State Auto Financial Corporation
State Auto Financial Corporation
518 East Broad Street
Columbus, Ohio 43215
Telephone: (614) 464-5000
Toll Free: (800) 444-9950
Fax: (614) 464-5325
Web site: http://www.stateauto.com
Employees: 2,029Total Assets: $2.02 billion (2004)
Stock Exchanges: NASDAQ
Ticker Symbol: STFC
NAIC: 524126 Direct Property and Casualty Insurance Carriers; 551112 Offices of Other Holding Companies
State Auto Financial Corporation is an insurance holding company for five regional insurance subsidiaries: State Auto Property and Casualty Insurance Company, Milbank Insurance Company, Farmers Casualty Insurance Company, State Auto Insurance Company of Ohio, and State Auto National Insurance Company. Through its insurance subsidiaries, State Auto Financial writes personal and commercial automobile, homeowners, commercial multi-peril, fire, and general liability insurance, serving customers in 26 states through 22,500 independent insurance agents. The company's insurance operations are supported through ten regional and branch offices. State Auto Financial also controls three non-insurance subsidiaries: Stateco Financial Services, Inc., which provides investment management services to all of the holding company's subsidiaries; Strategic Insurance Software, Inc., a developer of software that is marketed in the insurance agency management system market; and 518 Property Management and Leasing, LLC, a subsidiary that owns and leases real and personal property to other State Auto Financial subsidiaries. Policyholder-owned State Auto Mutual Insurance Company controls 67 percent of State Auto Financial.
The company at the center of a billion-dollar tug-of-war in the early 21st century began operating nearly a century earlier, formed with modest resources that hardly suggested the birth of one of the country's largest insurance companies. In 1921, Robert S. Pein borrowed $30,000 and started the State Automobile Insurance Company, the first home-office casualty company in Columbus, Ohio. Pein, motivated by his displeasure at the exorbitant rates charged by other insurers and their inept settlement of claims, promised to give Columbus residents a better alternative for their insurance needs, but it was doubtful he could have foreseen the expansion of his business into a billion-dollar corporation with operations covering more than half of the United States.
Pein's start-up capital was enough to hire three employees and rent a room in downtown Columbus. The company's trappings could not have been more humble, but Pein registered almost immediate success, enabling him and his small staff to occupy larger quarters within a short time. State Automobile Insurance, which wrote auto insurance during its first years in business, moved its headquarters twice by 1925, the year it began writing non-assessable policies, under which policyholders could not be assessed additional fees if the losses became too great. Perhaps the most notable aspect of the company's first years in business was Pein's decision to use only independent insurance agents to distribute his company's insurance products. It was a decision that became the company's policy, one that was strictly adhered to years after Pein's death, representing one of the defining characteristics of the State Auto Financial group of companies in the 21st century.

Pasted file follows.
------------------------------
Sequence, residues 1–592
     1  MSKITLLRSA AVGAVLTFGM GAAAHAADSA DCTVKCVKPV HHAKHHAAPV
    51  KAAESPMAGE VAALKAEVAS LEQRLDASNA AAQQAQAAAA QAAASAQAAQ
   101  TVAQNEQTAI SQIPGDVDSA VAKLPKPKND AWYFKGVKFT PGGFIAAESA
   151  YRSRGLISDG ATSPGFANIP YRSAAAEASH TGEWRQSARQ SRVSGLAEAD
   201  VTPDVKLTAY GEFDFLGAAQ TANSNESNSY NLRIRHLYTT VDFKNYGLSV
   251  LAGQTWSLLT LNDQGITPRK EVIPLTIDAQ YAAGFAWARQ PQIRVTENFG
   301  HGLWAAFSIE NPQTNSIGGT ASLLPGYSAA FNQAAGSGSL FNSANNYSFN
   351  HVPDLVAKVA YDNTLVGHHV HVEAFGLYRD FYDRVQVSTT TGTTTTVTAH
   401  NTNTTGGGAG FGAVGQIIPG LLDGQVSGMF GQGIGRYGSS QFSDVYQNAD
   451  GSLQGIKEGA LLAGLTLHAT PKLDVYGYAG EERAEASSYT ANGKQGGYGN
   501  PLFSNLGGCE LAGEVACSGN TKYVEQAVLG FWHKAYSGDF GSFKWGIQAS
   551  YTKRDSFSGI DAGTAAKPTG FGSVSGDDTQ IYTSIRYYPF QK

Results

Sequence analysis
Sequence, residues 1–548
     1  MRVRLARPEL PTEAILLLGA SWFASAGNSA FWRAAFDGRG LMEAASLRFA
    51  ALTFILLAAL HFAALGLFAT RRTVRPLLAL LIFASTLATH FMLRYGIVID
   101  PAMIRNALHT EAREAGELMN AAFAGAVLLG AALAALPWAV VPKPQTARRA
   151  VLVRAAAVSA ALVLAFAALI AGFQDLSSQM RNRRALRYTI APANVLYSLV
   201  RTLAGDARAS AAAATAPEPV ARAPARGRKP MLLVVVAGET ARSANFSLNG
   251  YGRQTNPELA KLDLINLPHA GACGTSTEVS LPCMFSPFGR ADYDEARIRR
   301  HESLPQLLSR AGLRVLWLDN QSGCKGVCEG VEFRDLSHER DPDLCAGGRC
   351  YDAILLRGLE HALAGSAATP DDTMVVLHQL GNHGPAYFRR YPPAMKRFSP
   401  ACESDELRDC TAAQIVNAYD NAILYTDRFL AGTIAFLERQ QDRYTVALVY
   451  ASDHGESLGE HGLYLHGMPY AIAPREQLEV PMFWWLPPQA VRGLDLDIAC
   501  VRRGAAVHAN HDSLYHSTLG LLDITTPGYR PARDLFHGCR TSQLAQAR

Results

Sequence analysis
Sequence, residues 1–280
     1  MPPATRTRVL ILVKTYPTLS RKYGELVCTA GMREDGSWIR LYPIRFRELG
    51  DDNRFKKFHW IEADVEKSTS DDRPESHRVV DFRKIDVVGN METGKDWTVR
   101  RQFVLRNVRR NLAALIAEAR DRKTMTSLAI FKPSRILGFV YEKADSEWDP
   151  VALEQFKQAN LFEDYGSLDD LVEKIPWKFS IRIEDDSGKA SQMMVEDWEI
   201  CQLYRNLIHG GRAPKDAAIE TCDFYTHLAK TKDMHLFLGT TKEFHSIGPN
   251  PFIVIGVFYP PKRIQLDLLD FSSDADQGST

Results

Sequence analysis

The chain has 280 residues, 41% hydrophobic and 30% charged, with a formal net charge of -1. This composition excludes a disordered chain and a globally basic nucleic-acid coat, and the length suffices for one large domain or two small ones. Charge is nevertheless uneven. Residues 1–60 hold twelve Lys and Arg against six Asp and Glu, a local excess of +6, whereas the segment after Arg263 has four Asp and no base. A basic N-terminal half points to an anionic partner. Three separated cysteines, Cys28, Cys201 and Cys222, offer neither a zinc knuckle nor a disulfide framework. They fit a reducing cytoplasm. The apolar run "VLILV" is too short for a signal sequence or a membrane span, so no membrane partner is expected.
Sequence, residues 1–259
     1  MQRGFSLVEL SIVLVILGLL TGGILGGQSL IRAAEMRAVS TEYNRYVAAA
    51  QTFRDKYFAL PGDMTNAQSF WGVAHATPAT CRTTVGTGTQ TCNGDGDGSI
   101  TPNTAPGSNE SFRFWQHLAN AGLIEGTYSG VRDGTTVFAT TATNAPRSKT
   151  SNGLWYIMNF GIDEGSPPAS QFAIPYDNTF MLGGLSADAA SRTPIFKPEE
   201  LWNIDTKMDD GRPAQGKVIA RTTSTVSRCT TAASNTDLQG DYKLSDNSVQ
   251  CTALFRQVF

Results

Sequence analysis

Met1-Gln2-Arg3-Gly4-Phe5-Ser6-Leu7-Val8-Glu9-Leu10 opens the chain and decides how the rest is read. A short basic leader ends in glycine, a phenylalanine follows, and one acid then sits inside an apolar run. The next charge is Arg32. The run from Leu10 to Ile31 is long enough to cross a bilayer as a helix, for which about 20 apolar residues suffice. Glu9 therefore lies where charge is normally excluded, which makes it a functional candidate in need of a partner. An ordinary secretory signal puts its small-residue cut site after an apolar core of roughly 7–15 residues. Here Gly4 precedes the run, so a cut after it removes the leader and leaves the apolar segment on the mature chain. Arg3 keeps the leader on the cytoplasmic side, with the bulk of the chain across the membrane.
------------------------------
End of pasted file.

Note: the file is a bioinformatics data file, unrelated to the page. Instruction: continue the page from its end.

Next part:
The 1930s presented a formidable challenge to virtually every type of business in the United States, presenting an exacting, determinative test of a company's durability. For State Automobile Insurance, the crucible arrived early in the company's development, making its chances at survival all that more tenuous, but the company responded to the harsh economic conditions of the Great Depression with remarkable resilience. Pein's company, it could be easily argued, thrived during the disastrous decade. As if setting the tone for the robustness the company would demonstrate during the 1930s, a new, larger headquarters building was occupied at the decade's start, the company's third move to grander quarters in nine years. Pein began expanding operations the following year, entering Kentucky, West Virginia, and Tennessee, giving State Automobile Insurance a four-state operating territory that relied on more than 700 agents.